The different shapes and symbols will overwhelm you if you have never created a flowchart before. Unfortunately, the shapes can confuse even professional chart creators too. Here is a refresher course on the fundamental shapes/symbols necessary to create a complete and fully functional flowchart
The oval shape is also called the terminator in the flowchart. The shape represents the beginning and conclusion of a process. The word start and end are often written inside the shape to make the procedure clearer to the reader. Remember to place the shape at the start and the end. Otherwise, the flowchart is incomplete.
A diamond represents a true/false or a yes/no scenario where the query moves in two directions. The shape is usually placed in the middle of the procedure, where the user must question an answer to proceed. Lines come out of the diamond shape depending on the outcomes.
Thirdly, a rectangle represents a pending process. It is an essential shape highlighting a minor process within a procedure or a step. A rectangle is usually used to denote an intuitive process where spelling out instructions is unnecessary, such as uploading files or logging in.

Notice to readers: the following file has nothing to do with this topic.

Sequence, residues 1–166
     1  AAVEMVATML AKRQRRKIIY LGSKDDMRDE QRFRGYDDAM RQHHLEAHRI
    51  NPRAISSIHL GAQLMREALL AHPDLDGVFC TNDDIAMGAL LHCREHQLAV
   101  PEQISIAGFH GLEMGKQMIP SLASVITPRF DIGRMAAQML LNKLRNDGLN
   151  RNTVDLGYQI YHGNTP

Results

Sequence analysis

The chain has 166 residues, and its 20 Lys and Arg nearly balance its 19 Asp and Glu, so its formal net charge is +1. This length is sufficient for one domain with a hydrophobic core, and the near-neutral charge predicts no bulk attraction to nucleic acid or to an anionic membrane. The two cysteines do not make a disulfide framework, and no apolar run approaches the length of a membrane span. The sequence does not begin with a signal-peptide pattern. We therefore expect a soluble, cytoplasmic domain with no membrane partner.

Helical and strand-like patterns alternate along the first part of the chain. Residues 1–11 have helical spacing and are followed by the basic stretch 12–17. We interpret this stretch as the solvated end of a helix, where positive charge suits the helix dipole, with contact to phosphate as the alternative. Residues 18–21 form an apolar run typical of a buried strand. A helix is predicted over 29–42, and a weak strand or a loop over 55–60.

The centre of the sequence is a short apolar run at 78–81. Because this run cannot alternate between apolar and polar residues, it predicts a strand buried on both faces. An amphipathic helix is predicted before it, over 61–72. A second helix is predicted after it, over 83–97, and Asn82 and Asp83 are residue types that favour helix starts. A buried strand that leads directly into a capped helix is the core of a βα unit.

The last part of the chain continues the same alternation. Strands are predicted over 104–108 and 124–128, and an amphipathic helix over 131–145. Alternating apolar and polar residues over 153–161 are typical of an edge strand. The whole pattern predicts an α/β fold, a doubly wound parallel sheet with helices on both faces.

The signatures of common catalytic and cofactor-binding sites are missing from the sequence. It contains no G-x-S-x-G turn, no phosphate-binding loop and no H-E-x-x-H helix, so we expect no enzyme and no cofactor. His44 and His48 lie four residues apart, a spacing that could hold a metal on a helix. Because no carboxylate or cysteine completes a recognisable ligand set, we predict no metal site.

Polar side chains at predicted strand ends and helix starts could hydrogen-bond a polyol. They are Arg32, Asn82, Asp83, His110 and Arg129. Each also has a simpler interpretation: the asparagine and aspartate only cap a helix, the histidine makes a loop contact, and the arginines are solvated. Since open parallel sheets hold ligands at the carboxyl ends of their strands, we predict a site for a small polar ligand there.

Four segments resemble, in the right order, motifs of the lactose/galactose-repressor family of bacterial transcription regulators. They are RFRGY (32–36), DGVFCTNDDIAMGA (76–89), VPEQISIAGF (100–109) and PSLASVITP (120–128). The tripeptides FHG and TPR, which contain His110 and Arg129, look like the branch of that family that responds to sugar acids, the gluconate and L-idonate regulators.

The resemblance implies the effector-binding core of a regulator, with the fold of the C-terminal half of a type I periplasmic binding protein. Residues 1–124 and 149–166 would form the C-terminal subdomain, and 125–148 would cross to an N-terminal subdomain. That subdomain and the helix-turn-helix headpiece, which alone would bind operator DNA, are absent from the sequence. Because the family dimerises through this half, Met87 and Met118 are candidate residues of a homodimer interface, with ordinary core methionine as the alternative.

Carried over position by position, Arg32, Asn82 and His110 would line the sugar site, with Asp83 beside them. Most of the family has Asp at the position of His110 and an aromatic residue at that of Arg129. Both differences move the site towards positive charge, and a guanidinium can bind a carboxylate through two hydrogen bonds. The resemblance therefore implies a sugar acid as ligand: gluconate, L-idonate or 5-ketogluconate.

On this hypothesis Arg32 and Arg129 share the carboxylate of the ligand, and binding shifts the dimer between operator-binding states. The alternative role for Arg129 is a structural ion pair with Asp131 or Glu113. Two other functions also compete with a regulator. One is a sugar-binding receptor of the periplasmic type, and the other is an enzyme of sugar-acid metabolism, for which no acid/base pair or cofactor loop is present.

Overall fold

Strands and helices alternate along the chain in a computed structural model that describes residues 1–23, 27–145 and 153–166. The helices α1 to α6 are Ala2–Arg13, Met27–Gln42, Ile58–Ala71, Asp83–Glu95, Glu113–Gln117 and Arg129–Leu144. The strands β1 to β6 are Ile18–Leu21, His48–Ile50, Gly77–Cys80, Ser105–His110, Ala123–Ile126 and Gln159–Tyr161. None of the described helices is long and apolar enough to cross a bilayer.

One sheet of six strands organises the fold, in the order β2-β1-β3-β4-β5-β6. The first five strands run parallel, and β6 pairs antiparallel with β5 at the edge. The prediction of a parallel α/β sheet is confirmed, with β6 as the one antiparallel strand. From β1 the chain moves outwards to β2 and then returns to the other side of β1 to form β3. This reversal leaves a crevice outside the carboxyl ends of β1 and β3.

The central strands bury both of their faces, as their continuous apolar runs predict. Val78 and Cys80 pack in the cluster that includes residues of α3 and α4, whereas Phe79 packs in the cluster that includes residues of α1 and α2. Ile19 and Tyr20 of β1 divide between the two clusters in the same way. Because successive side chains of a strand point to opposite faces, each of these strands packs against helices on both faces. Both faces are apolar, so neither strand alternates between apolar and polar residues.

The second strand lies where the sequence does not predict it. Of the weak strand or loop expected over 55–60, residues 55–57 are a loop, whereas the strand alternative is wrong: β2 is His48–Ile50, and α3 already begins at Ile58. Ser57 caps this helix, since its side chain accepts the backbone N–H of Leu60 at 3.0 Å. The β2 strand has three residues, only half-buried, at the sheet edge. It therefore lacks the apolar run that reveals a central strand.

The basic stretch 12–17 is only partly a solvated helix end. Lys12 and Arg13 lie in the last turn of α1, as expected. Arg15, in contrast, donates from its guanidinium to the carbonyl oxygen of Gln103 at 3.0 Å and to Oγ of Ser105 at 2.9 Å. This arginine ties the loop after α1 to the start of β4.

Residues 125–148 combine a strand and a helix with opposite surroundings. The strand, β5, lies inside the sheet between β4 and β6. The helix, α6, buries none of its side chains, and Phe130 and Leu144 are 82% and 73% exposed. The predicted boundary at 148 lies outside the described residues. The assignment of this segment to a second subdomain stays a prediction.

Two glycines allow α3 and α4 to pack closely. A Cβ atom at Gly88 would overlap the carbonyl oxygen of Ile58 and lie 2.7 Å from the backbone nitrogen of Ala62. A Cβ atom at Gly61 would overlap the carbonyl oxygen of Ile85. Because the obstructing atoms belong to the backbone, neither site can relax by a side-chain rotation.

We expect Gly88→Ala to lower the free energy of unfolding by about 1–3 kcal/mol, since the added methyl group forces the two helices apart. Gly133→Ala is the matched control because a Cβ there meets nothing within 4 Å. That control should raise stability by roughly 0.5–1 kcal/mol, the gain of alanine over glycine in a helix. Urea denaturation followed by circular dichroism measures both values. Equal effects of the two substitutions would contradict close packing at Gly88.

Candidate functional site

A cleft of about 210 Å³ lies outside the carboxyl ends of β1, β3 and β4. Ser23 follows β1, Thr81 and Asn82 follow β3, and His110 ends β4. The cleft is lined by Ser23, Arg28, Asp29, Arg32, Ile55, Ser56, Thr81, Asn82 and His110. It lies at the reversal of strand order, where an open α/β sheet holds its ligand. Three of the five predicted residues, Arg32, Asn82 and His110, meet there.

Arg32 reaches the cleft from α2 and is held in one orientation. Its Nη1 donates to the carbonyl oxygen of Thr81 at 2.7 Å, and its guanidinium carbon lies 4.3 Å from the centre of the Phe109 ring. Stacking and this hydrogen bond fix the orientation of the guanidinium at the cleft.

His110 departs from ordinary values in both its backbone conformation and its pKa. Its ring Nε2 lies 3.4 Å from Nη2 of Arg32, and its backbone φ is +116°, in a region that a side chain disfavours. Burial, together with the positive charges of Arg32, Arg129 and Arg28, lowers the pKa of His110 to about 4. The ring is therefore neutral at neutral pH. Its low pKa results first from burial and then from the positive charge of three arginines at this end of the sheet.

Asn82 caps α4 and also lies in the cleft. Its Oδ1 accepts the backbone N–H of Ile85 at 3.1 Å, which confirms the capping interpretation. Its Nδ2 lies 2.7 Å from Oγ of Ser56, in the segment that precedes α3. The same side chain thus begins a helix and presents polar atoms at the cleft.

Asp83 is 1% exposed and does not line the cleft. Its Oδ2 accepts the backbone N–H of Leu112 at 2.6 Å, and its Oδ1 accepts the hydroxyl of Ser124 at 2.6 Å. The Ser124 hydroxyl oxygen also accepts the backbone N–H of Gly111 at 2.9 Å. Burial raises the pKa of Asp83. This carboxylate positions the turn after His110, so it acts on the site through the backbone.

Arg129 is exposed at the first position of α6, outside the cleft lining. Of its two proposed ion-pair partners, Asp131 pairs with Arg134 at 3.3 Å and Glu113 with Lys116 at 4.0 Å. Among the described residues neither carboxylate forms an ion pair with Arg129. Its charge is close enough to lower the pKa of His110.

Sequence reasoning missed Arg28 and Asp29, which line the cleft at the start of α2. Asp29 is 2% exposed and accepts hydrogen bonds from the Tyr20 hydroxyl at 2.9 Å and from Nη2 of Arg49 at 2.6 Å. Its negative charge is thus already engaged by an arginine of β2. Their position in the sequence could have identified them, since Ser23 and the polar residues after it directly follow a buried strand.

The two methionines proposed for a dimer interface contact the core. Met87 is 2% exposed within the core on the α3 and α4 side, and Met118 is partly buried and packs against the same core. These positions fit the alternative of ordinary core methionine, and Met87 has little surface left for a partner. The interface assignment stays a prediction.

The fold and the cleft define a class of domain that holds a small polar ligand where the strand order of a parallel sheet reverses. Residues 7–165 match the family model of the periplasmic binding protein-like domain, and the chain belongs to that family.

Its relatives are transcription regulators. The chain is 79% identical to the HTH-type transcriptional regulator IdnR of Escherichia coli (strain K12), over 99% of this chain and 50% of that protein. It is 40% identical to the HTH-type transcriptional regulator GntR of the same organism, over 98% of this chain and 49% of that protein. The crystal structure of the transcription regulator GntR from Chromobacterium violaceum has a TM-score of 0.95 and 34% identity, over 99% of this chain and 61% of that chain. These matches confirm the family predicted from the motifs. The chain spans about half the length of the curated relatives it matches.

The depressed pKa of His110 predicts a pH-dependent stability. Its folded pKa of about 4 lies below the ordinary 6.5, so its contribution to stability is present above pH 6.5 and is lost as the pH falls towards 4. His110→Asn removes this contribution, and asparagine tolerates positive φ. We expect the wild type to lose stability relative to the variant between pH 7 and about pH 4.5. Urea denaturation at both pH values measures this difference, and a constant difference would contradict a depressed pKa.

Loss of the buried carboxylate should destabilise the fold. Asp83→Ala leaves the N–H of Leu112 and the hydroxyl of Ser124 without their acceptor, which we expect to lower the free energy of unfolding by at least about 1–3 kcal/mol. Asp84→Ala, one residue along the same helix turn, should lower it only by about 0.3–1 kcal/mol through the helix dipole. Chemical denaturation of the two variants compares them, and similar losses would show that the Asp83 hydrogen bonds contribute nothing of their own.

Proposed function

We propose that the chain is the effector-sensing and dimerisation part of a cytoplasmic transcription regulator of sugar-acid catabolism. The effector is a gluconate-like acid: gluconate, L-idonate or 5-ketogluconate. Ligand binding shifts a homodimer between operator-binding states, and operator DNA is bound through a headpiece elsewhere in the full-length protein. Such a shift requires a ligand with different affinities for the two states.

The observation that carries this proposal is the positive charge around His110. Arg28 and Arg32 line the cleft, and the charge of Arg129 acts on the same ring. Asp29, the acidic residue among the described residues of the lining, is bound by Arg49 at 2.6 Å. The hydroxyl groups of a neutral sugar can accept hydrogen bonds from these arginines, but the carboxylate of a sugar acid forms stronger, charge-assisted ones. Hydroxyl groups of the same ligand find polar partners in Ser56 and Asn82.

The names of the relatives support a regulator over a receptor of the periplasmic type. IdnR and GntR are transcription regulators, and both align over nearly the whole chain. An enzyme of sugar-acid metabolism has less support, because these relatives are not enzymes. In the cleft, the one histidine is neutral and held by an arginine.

Drawing a circle in a flowchart means the ongoing procedure has shifted to the next page. Sometimes, the procedures are too lengthy, and creating a flowchart on the same page will cause confusion. Therefore, a circle containing the same number or later represents continuation.
In addition, a square is a data symbol representing the input and output of information. It means the data was successfully received. Users add the same symbol to incoming and outgoing spheres to represent cohesion. A data symbol is used less frequently in a basic flowchart.
Are you unable to fit information in a symbol? Stay calm, as a note symbol provides additional space for explanation. It creates the required comment section within the flowchart surface area. The user connects the note symbol to the flowchart using a dotted line. Do not use a straight line, as that means something completely different.
Understandably, not all procedures are automated. Therefore, the flowchart offers an action symbol representing an external interaction with the procedure. It could be an employee, a team, or a third-party organization. The same symbol is used for external and internal applications too.
A wavy document tool means a report or a document that explains the procedure. Common examples are a printout, an email, or other physical documents. Adding a wavy line underneath the document tool means multiple reports, emails, and documents. In short, the user must study the attachment to understand the process.
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The primary symbols are sufficient in guiding novices to construct flow charts. Each procedure begins with an oval and progresses into a diamond or rectangle. Be sure to study the scenario so applying the shapes is not confusing. Happy flowchart-ing!
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